In a brightly lit clean room at the US Department of Energy’s SLAC National Accelerator Laboratory, engineers are building a car-sized digital camera for the Large Synoptic Survey Telescope.
When it’s ready, LSST will image almost all of the sky visible from its vantage point on a Chilean mountain, Cerro Pachón, every few nights for a decade to make an astronomical movie of unprecedented proportions.
The camera is a combination of many extremes. Its largest lens is one of the biggest ever created for astronomy and astrophysics. The ceramic grid that will hold its imaging sensors is so flat that no feature larger than a human red blood cell sticks up from its surface. The electronics that control the sensors are customized to fit in a very tight space and use as little power as possible.
All of these specifications are vital for letting LSST achieve its scientific goals. And not many of them are easy to achieve. The LSST camera will do what no camera has been capable of doing before, and building it requires solving technical problems that have never been solved before.
A game of ‘Operation’
“When you consider a project this complex, you can’t just dive in and say ‘Here, I’m going to design and build this in one shot,’ right?” says Tim Bond, head of the LSST Camera Integration and Test team at SLAC. “You have to divide and conquer. So you break it up into smaller pieces that individual groups can work on.”
One of those pieces is figuring out how to get the camera’s sensors into place.
The 3.2-billion-pixel LSST camera will be the largest digital camera ever constructed. Much like handheld digital cameras, the LSST camera will be made up of imaging sensors called charge-coupled devices—189 of them. These sensors and their bundles of electronics are arranged into 21 nine-sensor pallets called “rafts.” Each one weighs more than 20 pounds and stands almost 2 feet tall.
Each sensor is fragile enough to chip if it even touches one of the other rafts. And, to minimize gaps in the sensors’ images, all of the rafts must be installed two hundredths of an inch apart inside the camera’s ceramic grid.
The LSST engineers couldn’t possibly install the delicate rafts by hand without destroying them, so they took on the challenge of creating a device that could do this very specific task in their place.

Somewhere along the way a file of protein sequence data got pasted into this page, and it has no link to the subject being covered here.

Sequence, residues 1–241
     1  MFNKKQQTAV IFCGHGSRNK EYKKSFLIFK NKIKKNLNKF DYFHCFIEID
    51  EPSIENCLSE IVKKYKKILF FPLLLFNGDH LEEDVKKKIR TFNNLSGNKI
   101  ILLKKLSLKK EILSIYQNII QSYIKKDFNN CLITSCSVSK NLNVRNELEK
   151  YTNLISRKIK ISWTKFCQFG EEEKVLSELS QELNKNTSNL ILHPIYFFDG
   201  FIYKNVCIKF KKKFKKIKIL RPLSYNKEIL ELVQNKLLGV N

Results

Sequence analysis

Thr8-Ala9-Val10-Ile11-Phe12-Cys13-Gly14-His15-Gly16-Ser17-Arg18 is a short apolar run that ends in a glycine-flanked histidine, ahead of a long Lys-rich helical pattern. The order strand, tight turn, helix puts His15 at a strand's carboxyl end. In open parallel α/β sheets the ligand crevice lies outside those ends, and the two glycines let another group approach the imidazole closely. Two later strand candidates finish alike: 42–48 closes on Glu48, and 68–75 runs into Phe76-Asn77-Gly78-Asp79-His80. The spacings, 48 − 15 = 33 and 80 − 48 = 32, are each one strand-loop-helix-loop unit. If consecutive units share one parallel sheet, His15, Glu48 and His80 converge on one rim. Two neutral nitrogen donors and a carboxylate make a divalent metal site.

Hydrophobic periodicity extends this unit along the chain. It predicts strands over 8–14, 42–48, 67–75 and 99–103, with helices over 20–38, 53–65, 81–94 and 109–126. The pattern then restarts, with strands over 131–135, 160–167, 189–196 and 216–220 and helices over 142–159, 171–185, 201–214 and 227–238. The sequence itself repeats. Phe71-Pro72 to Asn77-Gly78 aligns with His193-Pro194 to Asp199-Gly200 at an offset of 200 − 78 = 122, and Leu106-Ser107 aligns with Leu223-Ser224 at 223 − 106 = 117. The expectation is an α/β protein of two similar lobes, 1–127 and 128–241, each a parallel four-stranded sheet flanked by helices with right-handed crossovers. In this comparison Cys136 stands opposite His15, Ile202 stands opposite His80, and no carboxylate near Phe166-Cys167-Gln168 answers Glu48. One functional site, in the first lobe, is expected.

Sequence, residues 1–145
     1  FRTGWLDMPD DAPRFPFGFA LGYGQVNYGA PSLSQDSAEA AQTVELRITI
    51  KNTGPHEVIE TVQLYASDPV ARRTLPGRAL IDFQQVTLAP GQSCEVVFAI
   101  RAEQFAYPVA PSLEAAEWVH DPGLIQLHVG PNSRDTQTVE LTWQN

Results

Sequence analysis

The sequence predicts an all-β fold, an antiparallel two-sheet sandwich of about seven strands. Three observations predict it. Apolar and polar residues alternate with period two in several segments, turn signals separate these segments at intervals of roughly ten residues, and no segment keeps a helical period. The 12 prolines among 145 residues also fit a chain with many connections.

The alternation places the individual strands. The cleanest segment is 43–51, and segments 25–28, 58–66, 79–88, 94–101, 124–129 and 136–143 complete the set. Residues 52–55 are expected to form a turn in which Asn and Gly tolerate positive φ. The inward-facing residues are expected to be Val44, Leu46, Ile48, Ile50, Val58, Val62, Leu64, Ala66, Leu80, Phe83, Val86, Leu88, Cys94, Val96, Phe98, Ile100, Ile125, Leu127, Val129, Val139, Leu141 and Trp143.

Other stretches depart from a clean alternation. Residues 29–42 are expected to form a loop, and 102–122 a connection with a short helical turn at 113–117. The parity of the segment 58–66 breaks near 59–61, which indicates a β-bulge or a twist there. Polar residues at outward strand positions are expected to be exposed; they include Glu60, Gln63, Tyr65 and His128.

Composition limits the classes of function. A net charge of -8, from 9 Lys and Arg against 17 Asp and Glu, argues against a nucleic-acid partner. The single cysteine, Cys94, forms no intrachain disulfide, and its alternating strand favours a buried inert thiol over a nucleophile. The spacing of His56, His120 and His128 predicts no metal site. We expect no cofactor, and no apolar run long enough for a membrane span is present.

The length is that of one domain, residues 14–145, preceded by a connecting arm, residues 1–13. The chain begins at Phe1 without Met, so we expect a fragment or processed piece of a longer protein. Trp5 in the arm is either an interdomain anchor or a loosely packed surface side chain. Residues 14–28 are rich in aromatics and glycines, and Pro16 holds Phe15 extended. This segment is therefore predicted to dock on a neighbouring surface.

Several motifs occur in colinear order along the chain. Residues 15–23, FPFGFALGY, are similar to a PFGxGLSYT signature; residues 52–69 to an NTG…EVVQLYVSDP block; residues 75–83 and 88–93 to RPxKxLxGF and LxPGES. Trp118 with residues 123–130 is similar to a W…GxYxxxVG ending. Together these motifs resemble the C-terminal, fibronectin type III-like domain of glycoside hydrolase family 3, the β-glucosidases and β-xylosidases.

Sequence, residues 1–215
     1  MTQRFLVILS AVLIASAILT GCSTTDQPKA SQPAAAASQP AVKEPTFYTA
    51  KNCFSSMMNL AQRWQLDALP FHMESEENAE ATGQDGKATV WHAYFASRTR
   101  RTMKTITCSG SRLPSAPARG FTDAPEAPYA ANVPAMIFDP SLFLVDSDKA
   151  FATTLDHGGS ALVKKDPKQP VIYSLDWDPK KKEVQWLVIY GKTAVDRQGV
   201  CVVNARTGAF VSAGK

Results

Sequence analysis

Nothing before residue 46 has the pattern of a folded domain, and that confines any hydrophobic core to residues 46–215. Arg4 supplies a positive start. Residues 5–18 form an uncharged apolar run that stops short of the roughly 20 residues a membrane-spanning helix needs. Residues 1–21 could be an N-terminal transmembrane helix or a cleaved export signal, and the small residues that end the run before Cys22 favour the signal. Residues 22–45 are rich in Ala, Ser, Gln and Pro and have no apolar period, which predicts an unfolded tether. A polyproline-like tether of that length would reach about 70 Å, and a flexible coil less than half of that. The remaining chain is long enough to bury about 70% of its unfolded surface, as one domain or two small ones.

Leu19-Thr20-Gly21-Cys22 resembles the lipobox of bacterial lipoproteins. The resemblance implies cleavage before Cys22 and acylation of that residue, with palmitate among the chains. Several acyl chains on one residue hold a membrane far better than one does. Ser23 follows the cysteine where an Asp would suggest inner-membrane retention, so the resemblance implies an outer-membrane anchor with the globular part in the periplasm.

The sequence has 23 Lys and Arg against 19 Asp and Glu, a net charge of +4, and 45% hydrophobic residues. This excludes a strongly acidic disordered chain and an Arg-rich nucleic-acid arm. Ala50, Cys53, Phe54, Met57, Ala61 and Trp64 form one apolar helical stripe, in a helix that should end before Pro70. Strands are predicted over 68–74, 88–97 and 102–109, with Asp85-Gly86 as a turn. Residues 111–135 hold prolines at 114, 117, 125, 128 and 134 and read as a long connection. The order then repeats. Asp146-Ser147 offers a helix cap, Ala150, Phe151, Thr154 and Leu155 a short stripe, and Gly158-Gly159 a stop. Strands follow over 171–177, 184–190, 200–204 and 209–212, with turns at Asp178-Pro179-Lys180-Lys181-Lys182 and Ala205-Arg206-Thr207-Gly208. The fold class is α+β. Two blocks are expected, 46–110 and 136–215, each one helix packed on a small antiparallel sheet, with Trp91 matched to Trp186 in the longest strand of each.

They concocted one concept after another. Travis Lange, a SLAC mechanical engineer, created computer models of each to find a design that could both do the job and be built with the level of machining precision available.
“One of the bigger challenges for this is just the tolerance of all the individual pieces and how it corresponds to how much motion I am allowed to use,” Lange says. If a part is the wrong size by even just the width of a human hair, it’s a problem. "If you have many of those parts that are off by that much, those errors all stack up.”
One of the designs that the team drew up resembled a claw-machine game. The device would sit on a structure above the cryostat, the apparatus that keeps the camera cold. With a long arm, it would reach through to a raft waiting for installation below. Over the course of several hours, it would pull the raft up through a very precisely sized slot and into place in the grid.
Four specialized cameras pointing at the edges of the imaging sensors would help steer the raft into place without hitting neighboring sensors, and unique imaging software would measure the gaps between rafts in real time. “It’s a crazy game of ‘Operation,’” Lange says.
The team went with the claw-machine plan. In May 2018, they put it to the test with its first practice raft and a mock-up of the camera. After most of a day had passed, the raft was successfully in place.
The installation robot has since gone through several other successful test runs. Now that they’ve figured out the kinks in the process, installing each raft takes about two hours. Engineers plan to start the real installation process this summer.
Not your everyday refrigerator